Indian table tennis player Bhavinaben Patel on Sunday, August 29, ended her run with a silver medal in the ongoing Tokyo Paralympic Games 2020. The 34-year-old competed with world number one Chinese para-athlete Ying Zhou for the gold medal and settled for a silver one after going down 0-3. Although Bhavina had to face defeat in the finals, she scripted history by reaching the finals of the tournament. However, Bhavina's journey to what she has achieved today has not been a smooth ride at all. In fact, it has been challenging as well as heart-winning at the same time.
Born on November 6, 1986, in a small village of Vadnagar in the Mehsana district of Gujarat, Bhavina was diagnosed with polio when she was only a year old. At that time, Bhavina's father did not have enough money to get her daughter treated. However, when she reached the fourth grade, her father got her surgery done in Visakhapatnam, but there was no result. Due to less attention in the following years, her condition remained the same. Since then, Bhavina started using crutches which have remained detachable ever since, NDTV India reported.
Dodging Ahmedabad Traffic
After completing her high school education in Sundhiya, Bhavina shifted to Ahmedabad to pursue an ITI computer science course. There she started developing an interest in table tennis, but to pursue her newly found talent was not as easy as it looked. To just reach the venue, she was required to change two buses, get into a couple of shared auto-rickshaws and make through her way in dodging Ahmedabad's notorious traffic, all with her crutches. Sometimes, her reliable friend then and a supportive husband now, would accompany her for the venue, but mostly she had to make it all by herself, The Indian Express reported.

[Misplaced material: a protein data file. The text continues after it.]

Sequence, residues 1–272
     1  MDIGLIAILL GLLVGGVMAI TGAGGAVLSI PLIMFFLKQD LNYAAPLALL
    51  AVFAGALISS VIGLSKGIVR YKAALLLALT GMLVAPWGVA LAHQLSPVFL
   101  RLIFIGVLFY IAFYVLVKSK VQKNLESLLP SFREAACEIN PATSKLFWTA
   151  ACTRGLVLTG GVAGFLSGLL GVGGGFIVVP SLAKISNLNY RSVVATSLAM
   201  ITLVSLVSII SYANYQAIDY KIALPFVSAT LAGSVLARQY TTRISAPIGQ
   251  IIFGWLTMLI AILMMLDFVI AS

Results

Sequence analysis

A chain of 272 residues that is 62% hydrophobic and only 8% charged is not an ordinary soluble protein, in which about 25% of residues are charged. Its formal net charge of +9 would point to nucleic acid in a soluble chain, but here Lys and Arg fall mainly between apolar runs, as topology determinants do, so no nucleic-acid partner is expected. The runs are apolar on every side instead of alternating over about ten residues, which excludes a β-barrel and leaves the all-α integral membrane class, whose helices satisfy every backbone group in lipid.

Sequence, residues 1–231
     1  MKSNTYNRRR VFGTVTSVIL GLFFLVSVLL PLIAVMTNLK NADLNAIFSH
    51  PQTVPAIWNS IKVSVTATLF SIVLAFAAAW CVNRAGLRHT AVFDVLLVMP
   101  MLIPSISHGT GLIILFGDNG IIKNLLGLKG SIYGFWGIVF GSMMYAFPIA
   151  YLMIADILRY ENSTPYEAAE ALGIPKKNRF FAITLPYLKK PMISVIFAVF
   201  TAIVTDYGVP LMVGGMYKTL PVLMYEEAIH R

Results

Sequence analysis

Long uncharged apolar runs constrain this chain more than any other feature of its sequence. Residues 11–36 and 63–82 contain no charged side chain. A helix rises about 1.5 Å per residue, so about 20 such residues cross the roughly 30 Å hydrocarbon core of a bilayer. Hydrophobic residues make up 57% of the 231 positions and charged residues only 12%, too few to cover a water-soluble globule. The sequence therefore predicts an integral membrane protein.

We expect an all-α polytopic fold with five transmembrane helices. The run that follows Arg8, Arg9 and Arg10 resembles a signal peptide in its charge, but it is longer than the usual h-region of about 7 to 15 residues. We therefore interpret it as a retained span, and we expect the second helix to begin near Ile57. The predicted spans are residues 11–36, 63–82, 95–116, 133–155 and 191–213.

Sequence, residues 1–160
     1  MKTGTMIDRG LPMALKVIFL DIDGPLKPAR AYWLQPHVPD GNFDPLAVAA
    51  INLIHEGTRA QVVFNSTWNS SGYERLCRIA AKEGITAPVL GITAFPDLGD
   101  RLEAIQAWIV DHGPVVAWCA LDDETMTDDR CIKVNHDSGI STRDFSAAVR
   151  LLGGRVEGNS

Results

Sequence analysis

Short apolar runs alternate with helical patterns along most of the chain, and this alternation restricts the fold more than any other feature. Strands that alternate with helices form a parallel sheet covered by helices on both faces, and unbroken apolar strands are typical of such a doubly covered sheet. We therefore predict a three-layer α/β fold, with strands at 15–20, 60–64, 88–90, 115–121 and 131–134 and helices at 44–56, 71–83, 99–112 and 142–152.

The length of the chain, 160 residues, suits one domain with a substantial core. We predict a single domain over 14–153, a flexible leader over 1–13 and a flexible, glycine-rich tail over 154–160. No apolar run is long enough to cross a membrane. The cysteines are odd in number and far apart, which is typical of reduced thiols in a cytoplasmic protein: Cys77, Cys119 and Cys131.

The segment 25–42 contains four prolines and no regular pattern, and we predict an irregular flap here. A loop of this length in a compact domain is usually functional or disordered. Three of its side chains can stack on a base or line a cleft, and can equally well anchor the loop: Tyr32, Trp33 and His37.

Revisiting those days, 36-year-old Nikul Patel said that his wife's zeal and vigour, and drive to overcome obstacles, made her the first to achieve this feat of winning the table tennis Paralympics silver medal.
Bhavina lost to Chinese stalwart Zhou Ying 7-11, 7-11, 6-11. This was India's maiden medal at the Tokyo Games so far.
Started Playing Tennis As Hobby
Bhavina started playing table tennis as a hobby and keeping herself fit, but soon started taking it seriously. In 2014, her father took her to an organisation set up for visually impaired people in Ahmedabad, from where Bhavina's table tennis career started. Here this organisation started helping her financially too.
Nikul said that her wife wanted to do it all since she was very young. She always wanted to be independent and had academic goals as well. "She is a Central government employee working with the Employees' State Insurance Corporation and is very rigorous in whatever she does and same was with table tennis. Anyone familiar with Ahmedabad will say how hard it must have been for her to practice table tennis. She would go to Naroda Patiya from her home in Bapunagar, then to Juna Vadaj, Ghatlodia and then finally to the Vastrapur Blind Association," he told.
Bhavina has moved from shared autos to aircraft but travel remains substantial and burdensome. "We have travelled to about 25-30 countries together. She travels on her own most of the times. Europe is very convenient for specially-abled people but it's not the same everywhere," says Nikul.
Road To Success
After three years of playing professional table tennis, Bhavina started making her mark by winning her first gold medal in Para Table Tennis in Bangalore. After winning the 2011 PTT Thailand Table Tennis Championships, her world ranking reached number two. In October 2013, at the Beijing Asian Para Table Tennis Championships, she won the silver medal in the women's singles class 4 event. Bhavina has been successful in winning medals everywhere by performing her best one after the other. While winning the bronze medal in the Asian Para Games in 2018, she successfully bagged her first international singles gold medal in Bangkok in 2019. Forgetting her hard work and weakness since the year 2011, Bhavina managed to appear in the 2020 Tokyo Paralympics, and the rest is history.